Students attend teacher institute

Alex Fenceroy (left), Dr. Loretta Walton Jaggers, Jessica Tisdale and Arceneaux Robinson pose with rocket at Johnson Space Center. The students will present the results of their NASA involvement today in Charles P. Adams Hall Room 217 from 5 p.m. to 7 p.m.

The Department of Curiculum and Instruction at Grambling State University recently visited Houston’s Johnson Space Center as part of a Pre-Service Institute.
Three teacher candidates, Alex Fenceroy, Jessica Tisdale and Arseneaux Robinson, and a faculty member, Dr. Loretta Walton Jaggers, professor of education, took part.
Grambling State was one of six universities invited to participate in the program. GSU was also the only university from Louisiana that participated.
Prior to the “face to face” workshops at the NASA Space Center Oct. 19-24, the teacher candidates had an opportunity to participate in online courses on three specific dates which started on Sept. 22.  The final online course, which served as a follow-up to the on-site experience, was held on Oct. 27.
The diverse highly interactive program activities at the Johnson Space Center involved the use of NASA Education resources, and “best practices” instructional strategies, that related to STEM  (Science, Technology, Engineering, Mathematics) concepts.
Diverse experiences were also provided to promote an increased understanding of human space exploration. These experiences presented opportunities for the teacher candidates to plan effective lessons using the “5 E Model”, and develop instructional resources to promote authentic learning experiences for students in PK-12 classrooms.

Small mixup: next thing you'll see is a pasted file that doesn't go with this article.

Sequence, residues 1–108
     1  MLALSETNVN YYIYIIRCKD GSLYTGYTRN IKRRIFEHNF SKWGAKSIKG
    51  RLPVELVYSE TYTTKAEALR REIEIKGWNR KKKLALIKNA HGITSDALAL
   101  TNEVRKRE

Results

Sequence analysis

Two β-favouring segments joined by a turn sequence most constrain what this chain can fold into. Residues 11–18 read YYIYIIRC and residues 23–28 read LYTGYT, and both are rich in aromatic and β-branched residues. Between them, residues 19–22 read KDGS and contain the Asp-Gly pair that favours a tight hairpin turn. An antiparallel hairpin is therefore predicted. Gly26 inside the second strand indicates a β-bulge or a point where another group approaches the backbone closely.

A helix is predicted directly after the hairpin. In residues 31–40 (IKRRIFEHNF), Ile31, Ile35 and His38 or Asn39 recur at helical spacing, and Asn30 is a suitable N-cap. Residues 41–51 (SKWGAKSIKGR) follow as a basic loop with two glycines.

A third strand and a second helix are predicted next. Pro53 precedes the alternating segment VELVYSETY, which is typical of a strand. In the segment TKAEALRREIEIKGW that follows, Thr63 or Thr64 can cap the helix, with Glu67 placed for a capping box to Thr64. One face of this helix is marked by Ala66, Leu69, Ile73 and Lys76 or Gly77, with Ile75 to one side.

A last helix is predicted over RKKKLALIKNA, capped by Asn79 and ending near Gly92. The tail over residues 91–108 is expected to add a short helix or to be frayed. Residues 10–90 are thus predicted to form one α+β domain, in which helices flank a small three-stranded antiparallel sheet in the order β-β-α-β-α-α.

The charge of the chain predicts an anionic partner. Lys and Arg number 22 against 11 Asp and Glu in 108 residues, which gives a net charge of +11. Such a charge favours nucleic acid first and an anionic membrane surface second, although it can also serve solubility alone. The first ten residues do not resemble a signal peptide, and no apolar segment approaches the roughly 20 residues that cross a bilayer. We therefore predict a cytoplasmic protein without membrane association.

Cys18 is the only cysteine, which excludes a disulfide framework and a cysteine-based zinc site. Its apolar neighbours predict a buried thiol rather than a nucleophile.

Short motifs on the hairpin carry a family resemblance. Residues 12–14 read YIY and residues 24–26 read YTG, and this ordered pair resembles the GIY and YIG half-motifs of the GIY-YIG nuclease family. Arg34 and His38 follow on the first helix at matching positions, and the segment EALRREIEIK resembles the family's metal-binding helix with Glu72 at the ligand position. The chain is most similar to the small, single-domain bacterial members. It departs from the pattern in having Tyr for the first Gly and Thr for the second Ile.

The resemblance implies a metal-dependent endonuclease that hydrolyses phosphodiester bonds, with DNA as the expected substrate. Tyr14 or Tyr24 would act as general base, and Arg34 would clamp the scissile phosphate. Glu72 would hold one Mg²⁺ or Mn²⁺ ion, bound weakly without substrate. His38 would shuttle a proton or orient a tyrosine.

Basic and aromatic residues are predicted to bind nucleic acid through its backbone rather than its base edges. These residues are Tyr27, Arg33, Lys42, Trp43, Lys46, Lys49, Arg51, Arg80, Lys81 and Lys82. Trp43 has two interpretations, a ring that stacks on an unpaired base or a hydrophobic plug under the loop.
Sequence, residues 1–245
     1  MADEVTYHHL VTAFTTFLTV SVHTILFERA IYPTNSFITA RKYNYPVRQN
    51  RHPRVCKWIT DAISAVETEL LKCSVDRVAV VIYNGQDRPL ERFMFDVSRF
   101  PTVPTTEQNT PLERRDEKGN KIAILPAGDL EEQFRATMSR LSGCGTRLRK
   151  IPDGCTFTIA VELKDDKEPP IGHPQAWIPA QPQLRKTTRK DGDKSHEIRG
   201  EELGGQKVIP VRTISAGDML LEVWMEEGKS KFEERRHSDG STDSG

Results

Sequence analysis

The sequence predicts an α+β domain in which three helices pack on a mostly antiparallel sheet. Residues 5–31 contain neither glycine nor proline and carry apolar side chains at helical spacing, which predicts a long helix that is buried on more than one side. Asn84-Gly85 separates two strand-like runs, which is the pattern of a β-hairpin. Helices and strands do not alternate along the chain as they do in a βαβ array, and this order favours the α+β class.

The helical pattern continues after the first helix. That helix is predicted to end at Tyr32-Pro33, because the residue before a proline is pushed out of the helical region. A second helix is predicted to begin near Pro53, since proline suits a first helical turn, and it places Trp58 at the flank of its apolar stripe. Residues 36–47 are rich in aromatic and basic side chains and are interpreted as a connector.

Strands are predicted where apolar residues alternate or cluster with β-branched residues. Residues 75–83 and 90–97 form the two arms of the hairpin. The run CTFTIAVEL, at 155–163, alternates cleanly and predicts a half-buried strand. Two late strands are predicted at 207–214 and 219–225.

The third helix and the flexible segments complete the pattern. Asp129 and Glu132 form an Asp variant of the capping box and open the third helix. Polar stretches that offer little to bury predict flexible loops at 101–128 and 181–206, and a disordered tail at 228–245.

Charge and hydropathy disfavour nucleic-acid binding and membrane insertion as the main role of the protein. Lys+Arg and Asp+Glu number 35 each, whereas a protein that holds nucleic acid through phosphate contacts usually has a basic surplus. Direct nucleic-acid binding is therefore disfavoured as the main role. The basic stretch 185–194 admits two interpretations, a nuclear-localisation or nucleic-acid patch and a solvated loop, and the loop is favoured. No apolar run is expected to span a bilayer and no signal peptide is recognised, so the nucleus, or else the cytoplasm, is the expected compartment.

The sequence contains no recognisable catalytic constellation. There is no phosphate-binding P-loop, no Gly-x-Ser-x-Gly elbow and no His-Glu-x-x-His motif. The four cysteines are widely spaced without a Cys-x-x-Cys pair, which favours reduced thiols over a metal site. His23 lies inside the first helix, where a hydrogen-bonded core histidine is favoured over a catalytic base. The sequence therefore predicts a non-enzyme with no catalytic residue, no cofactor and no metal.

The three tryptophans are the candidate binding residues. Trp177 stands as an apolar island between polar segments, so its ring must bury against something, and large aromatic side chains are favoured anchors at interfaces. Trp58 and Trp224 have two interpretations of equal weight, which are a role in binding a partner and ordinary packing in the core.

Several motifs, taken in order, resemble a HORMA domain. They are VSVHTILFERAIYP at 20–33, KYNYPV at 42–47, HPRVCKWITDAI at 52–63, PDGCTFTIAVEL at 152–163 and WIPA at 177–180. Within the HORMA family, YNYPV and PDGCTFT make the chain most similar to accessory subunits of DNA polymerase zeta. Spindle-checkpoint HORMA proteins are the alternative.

The daily activities provided an opportunity for the participants to gain knowledge and skills needed for their culminating project.  Their culminating project involved the construction and presentation of an e-portfolio that served to highlight each teacher candidate’s work-related experiences throughout the week.   
Specifically, the program’s goals included:
-Utilize NASA Education Resources related to human space exploration that demonstrates integration of STEM.
-Provide pedagogical and content-based training in order to enhance pre-service PK-12 teachers’ knowledge, skills and strategies for teaching STEM.
-Provide opportunities for authentic teaching experiences.
-Demonstrate the delivery of instruction in the virtual and traditional fashions.
-Equip participants with an end product useful for marketing their acquired skills.
Some of the additional activities throughout the week included a tour of the NASA Johnson Space Center Facility (Building 9 and 30) Starship Gallery; a tour of the Digital Learning Network Studio; candidate lesson presentations in the DLN Studio; a presentation titled “Living On the International Space Station”; Johnson Space Center Sand Box Tour; and the Moon Surface Simulator Activity.      
“This was a very excellent and rewarding  experience for all participants involved,” Jaggers said. “The teacher candidates had diverse opportunities to enhance their knowledge and skills.”